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Bed Bath & Beyond Inc. doesn’t owe New Jersey the value of store credit certificates abandoned before 2010 because they weren’t escheatable property then, a New Jersey court ruled.
The Sept. 21 decision on two consolidated appeals sheds light on how gift cards may be treated under New Jersey’s unclaimed property statute, which the state amended in 2010 to include escheat of “stored value cards” ( Bed Bath & Beyond, Inc. v. New Jersey Treasurer , N.J. Super. Ct. App. Div., No. A-4880-14T3, 9/21/17 ; BBB Value Services, Inc. v. New Jersey Treasurer , N.J. Super. Ct. App. Div., No. A-2973-14T3, 9/21/17 ).
In its decision, the Appellate Division of the Superior Court of New Jersey reversed two cases over store credit that were consolidated on appeal from the state Treasury department’s Unclaimed Property Administration. The cases involved certificates that Bed Bath & Beyond issues to customers who return merchandise to the store without a receipt. Like some gift cards, the certificates can be used in exchange for products at the home-goods retailer’s stores but can’t be redeemed for cash.
Some themes in the New Jersey decision have the potential to impact other states, according Wilson G. Barmeyer, counsel at Eversheds Sutherland (US) LLP’s Washington office, who provides guidance to clients on unclaimed property.
“Specifically, whether unclaimed property laws apply to items that are not redeemable for cash in the absence of a specific statutory provision that covers them,” Barmeyer told Bloomberg BNA in an email Sept. 22. “The New Jersey Treasurer tried to apply the laws expansively, and the court has rejected that.”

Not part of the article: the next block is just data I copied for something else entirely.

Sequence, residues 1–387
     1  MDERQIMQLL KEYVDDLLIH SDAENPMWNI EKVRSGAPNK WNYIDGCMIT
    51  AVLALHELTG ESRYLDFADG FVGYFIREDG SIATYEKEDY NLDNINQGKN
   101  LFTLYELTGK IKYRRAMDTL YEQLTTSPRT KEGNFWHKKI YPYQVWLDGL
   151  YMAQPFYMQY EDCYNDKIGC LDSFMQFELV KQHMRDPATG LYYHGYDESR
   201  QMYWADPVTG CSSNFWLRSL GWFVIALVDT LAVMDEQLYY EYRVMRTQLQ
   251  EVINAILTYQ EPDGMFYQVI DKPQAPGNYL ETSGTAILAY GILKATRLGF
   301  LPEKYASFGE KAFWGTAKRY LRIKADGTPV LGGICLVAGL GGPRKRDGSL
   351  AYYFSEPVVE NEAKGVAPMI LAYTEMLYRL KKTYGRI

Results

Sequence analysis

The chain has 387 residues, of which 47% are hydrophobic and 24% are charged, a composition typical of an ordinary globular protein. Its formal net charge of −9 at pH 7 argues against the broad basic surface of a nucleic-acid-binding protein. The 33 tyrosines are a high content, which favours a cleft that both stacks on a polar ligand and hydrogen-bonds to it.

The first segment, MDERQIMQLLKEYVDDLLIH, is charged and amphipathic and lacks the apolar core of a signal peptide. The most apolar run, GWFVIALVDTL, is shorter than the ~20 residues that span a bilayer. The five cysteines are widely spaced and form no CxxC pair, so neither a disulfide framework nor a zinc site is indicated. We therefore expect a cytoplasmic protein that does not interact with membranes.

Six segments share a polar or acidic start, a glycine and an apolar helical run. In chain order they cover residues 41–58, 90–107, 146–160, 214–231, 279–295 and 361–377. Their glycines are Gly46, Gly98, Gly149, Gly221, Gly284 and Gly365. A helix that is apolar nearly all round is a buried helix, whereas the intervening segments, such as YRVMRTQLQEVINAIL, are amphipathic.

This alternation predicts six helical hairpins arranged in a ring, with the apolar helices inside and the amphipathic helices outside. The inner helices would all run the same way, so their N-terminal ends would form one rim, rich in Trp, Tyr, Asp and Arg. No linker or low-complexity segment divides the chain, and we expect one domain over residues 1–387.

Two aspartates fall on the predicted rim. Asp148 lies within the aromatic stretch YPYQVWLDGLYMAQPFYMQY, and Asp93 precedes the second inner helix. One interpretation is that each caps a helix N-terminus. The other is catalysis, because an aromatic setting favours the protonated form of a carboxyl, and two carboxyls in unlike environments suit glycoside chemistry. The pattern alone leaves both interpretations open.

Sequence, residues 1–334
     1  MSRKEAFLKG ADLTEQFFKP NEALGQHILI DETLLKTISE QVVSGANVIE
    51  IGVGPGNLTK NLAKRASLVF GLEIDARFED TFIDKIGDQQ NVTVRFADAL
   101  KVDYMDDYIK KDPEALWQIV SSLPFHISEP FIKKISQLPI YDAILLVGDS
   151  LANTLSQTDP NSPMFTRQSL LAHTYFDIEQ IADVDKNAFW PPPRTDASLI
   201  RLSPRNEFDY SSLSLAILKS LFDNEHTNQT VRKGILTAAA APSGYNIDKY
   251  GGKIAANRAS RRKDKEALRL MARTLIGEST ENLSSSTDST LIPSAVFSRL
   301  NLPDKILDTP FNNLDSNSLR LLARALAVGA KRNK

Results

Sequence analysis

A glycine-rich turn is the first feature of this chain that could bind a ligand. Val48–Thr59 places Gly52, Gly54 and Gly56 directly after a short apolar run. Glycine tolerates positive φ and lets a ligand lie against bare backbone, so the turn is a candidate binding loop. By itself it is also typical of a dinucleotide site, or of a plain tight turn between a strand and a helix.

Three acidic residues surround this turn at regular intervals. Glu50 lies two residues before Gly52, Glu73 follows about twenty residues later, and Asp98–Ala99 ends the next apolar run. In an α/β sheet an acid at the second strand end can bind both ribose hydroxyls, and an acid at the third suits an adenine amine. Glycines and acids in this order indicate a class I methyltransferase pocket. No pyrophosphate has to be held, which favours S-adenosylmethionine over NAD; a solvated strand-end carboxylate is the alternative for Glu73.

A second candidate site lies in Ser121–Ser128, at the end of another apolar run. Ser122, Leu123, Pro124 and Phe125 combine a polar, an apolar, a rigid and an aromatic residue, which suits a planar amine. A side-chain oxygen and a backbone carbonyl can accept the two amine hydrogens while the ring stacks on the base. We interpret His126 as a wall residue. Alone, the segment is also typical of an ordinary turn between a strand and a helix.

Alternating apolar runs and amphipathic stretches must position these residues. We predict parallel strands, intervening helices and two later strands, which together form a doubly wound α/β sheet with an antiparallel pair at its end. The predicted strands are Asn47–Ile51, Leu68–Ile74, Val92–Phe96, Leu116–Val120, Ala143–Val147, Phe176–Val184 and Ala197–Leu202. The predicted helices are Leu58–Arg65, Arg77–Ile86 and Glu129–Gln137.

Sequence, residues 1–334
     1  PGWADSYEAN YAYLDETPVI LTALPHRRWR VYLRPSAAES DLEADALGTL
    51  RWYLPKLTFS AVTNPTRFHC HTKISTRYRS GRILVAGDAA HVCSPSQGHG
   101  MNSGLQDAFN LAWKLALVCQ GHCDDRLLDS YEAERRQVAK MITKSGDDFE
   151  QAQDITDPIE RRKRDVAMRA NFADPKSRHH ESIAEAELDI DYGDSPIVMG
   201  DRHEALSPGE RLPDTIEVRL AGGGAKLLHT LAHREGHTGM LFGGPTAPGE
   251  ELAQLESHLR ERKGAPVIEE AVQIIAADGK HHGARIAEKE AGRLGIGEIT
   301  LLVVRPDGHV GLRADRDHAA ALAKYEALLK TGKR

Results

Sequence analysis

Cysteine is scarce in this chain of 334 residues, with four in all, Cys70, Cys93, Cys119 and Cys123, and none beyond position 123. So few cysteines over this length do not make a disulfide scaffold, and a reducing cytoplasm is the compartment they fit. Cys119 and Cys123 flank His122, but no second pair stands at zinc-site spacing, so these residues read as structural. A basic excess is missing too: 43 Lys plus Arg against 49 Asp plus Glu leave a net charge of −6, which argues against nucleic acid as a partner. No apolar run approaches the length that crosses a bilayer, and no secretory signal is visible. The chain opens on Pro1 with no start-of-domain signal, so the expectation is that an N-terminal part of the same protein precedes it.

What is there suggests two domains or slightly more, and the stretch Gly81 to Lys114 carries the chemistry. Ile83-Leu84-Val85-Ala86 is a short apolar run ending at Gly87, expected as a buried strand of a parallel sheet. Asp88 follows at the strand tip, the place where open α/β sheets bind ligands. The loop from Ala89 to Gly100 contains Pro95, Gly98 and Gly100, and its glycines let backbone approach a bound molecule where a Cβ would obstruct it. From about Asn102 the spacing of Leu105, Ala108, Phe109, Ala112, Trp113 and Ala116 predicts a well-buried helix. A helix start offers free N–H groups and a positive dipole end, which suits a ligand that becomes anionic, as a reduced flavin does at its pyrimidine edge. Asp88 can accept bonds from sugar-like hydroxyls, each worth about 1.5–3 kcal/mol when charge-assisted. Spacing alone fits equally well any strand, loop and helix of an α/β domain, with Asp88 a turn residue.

In one case, Bed Bath & Beyond appealed a May 21, 2015 decision that denied the company a refund of unclaimed merchandise return certificates. In the other case, the company’s wholly owned subsidiary, BBB Value Services Inc., appealed a Jan. 14, 2015 denial of a similar refund.
The court reversed the denial in the first case, saying the company wasn’t required under the state’s unclaimed property statute to remit the abandoned funds. In the second case, the court reversed because it concluded that the certificates were the equivalent of “stored value cards” as laid out in the state statute, but their value was remitted prematurely.
“The decision is a recognition of the underlying theory behind unclaimed property law, known as the derivative rights doctrine, which is that the state stands in the shoes of the owner and is entitled to nothing more than the rights of the owner,” Barmeyer said.
“The New Jersey court is saying that the state cannot claim cash where the owner only has the right to goods or services, at least not without a very specific statute that provides for it, and then not retroactively,” he added.
The New Jersey decision is the second such case after a 2016 ruling in California involving Bed Bath & Beyond return certificates, Barmeyer said.
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